1. Use only large, legible, and properly spaced text

Most cars average between 40-45 mph while they are being driven. Keep this in mind when you are working with your designer to letter your car. If you’re trying to attract customers, the wording on your vehicle must be large enough to be read, in a legible font, and spaced out enough that your messages are not jumbled and confusing.

2. Vinyl cannot be applied to rust

…at least if you want that vinyl to last the full 7-10 years it is rated for. If the metal on your car is too rusted, bumpy or otherwise too marred to be able to place vinyl, windows make a good alternative.

3. Most of the people viewing your car are behind you

So many people letter their cars and ignore the back. This is the absolute worst idea EVER! In fact, if you’re going to letter ANYTHING on your vehicle, the back is the BEST place to start.

4. Text on the front should be applied in reverse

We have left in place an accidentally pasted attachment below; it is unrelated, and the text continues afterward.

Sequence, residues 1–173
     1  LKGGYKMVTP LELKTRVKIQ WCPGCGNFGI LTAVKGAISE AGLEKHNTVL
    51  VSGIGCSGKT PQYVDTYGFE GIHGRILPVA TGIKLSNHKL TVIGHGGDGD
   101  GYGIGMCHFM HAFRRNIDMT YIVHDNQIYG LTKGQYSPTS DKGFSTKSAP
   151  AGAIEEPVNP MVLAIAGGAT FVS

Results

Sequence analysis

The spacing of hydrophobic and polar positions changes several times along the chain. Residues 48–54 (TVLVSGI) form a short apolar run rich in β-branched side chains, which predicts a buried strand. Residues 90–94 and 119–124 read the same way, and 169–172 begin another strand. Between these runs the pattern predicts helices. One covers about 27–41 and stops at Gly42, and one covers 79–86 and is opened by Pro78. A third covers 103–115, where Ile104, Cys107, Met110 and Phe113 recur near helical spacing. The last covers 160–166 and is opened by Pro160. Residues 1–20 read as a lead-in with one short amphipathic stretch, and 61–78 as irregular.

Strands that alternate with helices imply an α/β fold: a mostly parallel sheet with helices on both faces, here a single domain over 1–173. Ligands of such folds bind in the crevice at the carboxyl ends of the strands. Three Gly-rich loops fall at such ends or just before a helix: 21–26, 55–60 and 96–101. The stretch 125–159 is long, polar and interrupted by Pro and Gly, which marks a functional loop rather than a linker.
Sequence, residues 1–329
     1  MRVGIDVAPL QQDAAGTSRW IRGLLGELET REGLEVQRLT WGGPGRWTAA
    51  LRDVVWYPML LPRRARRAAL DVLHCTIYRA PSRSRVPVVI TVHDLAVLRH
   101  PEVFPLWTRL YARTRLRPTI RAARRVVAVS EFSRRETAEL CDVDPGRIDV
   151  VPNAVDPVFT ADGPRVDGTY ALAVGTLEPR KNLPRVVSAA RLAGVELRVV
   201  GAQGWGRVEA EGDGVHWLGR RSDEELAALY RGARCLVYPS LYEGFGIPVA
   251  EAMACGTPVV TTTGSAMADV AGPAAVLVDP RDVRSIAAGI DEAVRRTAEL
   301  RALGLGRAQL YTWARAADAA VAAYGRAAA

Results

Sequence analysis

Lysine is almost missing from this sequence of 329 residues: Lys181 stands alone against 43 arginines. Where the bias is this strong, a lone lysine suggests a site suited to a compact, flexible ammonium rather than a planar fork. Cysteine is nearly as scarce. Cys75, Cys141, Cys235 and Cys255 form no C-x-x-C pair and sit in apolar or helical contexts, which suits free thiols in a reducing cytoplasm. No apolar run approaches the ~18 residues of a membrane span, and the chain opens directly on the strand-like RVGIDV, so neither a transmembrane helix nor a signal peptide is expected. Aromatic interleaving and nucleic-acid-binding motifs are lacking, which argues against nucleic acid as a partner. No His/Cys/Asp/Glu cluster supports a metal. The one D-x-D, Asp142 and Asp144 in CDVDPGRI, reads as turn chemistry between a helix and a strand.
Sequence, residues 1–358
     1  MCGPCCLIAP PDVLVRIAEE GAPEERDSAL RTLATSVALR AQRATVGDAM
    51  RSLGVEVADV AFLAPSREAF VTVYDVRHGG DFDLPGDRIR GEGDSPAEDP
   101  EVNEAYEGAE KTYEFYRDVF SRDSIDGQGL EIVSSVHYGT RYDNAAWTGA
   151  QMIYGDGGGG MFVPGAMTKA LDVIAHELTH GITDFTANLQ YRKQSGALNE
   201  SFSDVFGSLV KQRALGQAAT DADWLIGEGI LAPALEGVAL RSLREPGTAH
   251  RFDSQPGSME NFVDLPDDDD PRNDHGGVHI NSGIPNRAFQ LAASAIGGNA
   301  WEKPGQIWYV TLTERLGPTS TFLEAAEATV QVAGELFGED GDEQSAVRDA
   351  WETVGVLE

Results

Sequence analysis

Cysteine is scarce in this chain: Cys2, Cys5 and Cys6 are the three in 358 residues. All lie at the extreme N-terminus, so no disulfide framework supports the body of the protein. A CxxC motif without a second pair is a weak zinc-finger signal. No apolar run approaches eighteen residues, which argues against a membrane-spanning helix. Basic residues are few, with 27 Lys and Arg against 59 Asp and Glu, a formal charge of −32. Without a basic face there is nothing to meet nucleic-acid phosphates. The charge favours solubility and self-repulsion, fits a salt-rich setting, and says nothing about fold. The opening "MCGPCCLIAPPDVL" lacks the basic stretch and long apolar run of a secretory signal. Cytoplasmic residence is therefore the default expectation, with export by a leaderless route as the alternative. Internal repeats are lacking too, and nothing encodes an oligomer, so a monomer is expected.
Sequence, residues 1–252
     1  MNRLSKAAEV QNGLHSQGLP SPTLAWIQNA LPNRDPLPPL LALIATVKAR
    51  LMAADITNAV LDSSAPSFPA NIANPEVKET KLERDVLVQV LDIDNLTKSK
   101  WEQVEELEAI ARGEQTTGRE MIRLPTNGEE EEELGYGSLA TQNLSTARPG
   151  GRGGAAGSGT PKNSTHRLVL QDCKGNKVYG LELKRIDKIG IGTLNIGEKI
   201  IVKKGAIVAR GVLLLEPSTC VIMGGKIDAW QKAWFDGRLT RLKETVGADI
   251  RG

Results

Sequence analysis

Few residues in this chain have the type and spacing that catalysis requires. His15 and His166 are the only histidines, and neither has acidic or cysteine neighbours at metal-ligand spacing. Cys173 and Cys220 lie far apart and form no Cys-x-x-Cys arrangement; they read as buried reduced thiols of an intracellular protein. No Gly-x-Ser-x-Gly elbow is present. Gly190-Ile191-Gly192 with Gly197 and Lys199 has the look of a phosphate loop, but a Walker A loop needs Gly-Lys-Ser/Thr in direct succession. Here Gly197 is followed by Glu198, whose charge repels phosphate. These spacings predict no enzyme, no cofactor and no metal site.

This lets the people in front of you read your message with ease…right through their rear-view mirror!

5. Vinyl can be removed at any time without damaging your car’s paint

…but the longer it is applied, the longer it takes to remove. Cheap, low-quality vinyl will often crack as it ages due to a lack of UV resistant coating. High-quality vinyl is typically rated to survive up to 10 years outdoors. When applying vinyl to a brand new car, however, be aware that as the car’s paint fades, a “ghost” of where the vinyl was applied (and where the paint never faded thanks to the vinyl’s protection) may be present for some time.

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